WASHINGTON, D.C. — The government shutdown is on day 20 and the closure of federal agencies such as the Environmental Protection Agency and Agency for Toxic Substances and Disease Registry is affecting the future of scientific research, as well as the ability to foster and support diversity within the U.S. STEM workforce. As the leading national STEM diversity organization representing underrepresented minority STEM students and professionals, the Society for the Advancement of Chicanos/Hispanics and Native Americans in Science (SACNAS), urges the presidential administration to quickly resolve the government shutdown which hurts hundreds of thousands of hard-working federal employees— including numerous SACNAS scientists.
“At the core of this shutdown is a manufactured ‘border crisis’ necessitating a wall that does nothing to provide a progressive and compassionate solution to our broken immigration system or promote the values of respect and tolerance that this country was founded on,” said SACNAS Executive Director John Winnett.
SACNAS stands by federal STEM employees and SACNAS students whose work and primary sources of income have been impacted by the shutdown, from furloughs to halted research activity. The shutdown not only hurts those dependent on federal funding to do their jobs, it hurts entire communities and local economies, depriving us from the research, policies, and programmatic work intended to make life better for all, especially marginalized and vulnerable populations.
“The shutdown has a dangerous effect on our ongoing efforts to diversify the STEM workforce. For example, underrepresented minority students working at federally funded or federal labs through STEM diversity initiatives are at risk of disrupting their career and professional pathways in STEM if they don’t get paid. Underrepresented minority students and STEM professionals are already vulnerable within the workforce, making them first and worst affected by these type of events. Therefore, we urge President Trump to desist from funding the border wall so Congress can pass a funding measure to reopen the government and get the country back on track,” said Winnett.
The government shutdown has brought several SACNAS members’ work to an abrupt and unsettling halt. Here are some of their stories. For interviews and questions, please contact Yamila Pino at email@example.com or (202) 660-1433.
Dr. Lupita Montoya measures air pollution in the Navajo Nation and was working on a time-sensitive study that was awarded an Environmental Protection Agency grant prior to the shutdown. The shutdown not only affects Dr. Montoya’s livelihood, but all the health and quality of life of the Navajo community she serves: “The grant is supposed to partially pay my salary and my graduate student tuition and stipend. It also covers my travel to the Navajo Nation, which I must do in order to get a Pilot Study done this winter season. The funds are not available, but I must keep moving the project forward as it is time-sensitive. I have to a find way to continue our project. Otherwise, we will miss the heating season and have to wait another year,” Dr. Montoya said.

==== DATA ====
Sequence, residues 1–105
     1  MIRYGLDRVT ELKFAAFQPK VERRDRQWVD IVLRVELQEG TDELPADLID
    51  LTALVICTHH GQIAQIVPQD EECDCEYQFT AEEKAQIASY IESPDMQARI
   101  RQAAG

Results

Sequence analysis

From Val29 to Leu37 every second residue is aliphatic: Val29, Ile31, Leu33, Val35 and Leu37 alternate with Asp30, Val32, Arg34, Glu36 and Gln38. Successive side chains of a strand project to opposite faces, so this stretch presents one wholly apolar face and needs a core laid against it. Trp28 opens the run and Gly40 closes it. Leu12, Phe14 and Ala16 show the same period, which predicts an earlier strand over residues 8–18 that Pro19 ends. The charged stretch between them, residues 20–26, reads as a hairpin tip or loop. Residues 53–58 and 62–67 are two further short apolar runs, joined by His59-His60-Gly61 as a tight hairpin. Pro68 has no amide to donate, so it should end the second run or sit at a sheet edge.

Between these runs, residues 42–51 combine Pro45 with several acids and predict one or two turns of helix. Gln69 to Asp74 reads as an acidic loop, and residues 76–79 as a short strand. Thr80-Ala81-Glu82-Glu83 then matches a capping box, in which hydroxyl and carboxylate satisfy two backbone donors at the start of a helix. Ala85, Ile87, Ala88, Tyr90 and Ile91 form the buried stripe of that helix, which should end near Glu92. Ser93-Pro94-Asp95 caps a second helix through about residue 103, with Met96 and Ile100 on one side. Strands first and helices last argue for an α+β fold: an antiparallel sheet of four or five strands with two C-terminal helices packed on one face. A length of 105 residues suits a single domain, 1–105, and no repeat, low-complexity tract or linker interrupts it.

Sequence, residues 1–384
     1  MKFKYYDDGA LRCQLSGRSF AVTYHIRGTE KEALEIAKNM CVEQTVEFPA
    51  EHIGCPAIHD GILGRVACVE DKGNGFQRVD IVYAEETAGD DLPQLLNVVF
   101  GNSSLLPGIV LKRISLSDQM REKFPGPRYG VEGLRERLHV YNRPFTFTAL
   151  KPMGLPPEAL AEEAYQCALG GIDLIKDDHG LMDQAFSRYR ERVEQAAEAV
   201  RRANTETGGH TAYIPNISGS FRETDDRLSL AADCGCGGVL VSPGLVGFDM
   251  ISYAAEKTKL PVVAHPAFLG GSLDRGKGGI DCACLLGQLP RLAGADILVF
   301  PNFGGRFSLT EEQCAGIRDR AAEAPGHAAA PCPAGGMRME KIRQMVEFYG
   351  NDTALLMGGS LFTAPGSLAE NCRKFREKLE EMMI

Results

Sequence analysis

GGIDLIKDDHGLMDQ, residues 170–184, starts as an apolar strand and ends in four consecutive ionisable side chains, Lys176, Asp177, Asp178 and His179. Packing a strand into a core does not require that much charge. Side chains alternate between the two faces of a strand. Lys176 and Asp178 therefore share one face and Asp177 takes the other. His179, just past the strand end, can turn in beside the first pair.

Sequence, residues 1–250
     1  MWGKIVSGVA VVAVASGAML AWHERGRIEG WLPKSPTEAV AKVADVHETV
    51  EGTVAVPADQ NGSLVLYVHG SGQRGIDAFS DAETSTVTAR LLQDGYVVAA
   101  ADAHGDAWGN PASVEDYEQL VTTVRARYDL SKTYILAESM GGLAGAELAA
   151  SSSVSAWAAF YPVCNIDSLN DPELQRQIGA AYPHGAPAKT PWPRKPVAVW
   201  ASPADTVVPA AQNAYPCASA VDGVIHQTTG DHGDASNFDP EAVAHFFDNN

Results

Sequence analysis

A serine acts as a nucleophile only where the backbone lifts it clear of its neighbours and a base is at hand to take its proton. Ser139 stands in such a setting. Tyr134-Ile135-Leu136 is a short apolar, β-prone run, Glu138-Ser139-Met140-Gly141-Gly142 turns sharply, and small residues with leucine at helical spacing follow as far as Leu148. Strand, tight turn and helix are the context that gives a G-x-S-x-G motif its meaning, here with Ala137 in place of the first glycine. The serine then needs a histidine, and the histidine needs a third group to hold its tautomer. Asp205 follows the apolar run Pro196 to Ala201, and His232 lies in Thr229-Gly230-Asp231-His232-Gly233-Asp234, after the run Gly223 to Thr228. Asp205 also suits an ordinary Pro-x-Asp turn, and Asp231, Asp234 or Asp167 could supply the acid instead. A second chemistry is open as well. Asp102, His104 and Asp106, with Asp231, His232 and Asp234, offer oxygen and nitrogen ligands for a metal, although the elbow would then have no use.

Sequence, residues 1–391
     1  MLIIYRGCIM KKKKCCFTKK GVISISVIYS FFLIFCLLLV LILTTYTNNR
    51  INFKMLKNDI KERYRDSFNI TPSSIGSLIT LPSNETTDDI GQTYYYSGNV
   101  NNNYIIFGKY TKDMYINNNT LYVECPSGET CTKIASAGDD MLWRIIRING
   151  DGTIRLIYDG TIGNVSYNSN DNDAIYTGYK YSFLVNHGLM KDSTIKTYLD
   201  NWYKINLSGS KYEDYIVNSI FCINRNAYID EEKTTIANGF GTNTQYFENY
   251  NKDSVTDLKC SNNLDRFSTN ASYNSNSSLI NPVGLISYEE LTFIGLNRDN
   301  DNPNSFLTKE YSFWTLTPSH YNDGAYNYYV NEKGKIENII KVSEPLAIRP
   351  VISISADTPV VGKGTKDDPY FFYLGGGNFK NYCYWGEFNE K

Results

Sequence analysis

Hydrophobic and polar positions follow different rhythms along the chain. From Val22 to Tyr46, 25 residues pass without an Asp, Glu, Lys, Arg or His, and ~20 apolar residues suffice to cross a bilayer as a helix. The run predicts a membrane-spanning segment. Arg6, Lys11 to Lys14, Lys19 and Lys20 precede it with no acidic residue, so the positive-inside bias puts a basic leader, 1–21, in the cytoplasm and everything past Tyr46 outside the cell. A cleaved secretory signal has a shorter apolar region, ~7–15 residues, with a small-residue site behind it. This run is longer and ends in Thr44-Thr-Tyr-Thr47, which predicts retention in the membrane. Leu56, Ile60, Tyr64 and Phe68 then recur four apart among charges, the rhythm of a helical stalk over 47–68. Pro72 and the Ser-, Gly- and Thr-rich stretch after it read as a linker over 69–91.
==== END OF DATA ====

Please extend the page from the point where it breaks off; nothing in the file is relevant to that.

Dr. Evelyn G. Reategui-Zirena works as a toxicologist for the Texas Department of Health’s Health Assessment and Toxicology program. Dr. Reategui-Zirena reports that while she did get paid at the beginning of the month, that might not be the case come February. However, her greatest concern is not being able to do her job: “My program, Health Assessment and Toxicology, receives funding from Agency for Toxic Substances and Disease Registry (ATSDR) and I work with people from EPA and ATSDR on a daily basis regarding Superfund Sites. Since they are not in the office because of the shutdown, I haven’t been able to perform my duties fully nor move forward on my projects. This not only affect my ability to perform my job, it hurts communities across the country. The Superfund Program is designated to clean up contaminated sites to protect both the environment and our public health. Our job is to use EPA data to determine if a site presents a public risk. The shutdown keeps me and other colleagues across the country from accessing this data. This means postponing public meetings and having to wait longer on document reviews,” Dr. Reategui-Zirena said.
SACNAS is an inclusive organization with over 45-years of experience fostering the success of Chicanos/Hispanics & Native Americans, from college students to professionals, in attaining advanced degrees, careers and positions of leadership in STEM.
SACNAS serves approximately 6,000 members, a larger community of 20,000, and with 115 SACNAS student and professional chapters throughout the U.S. and Puerto Rico.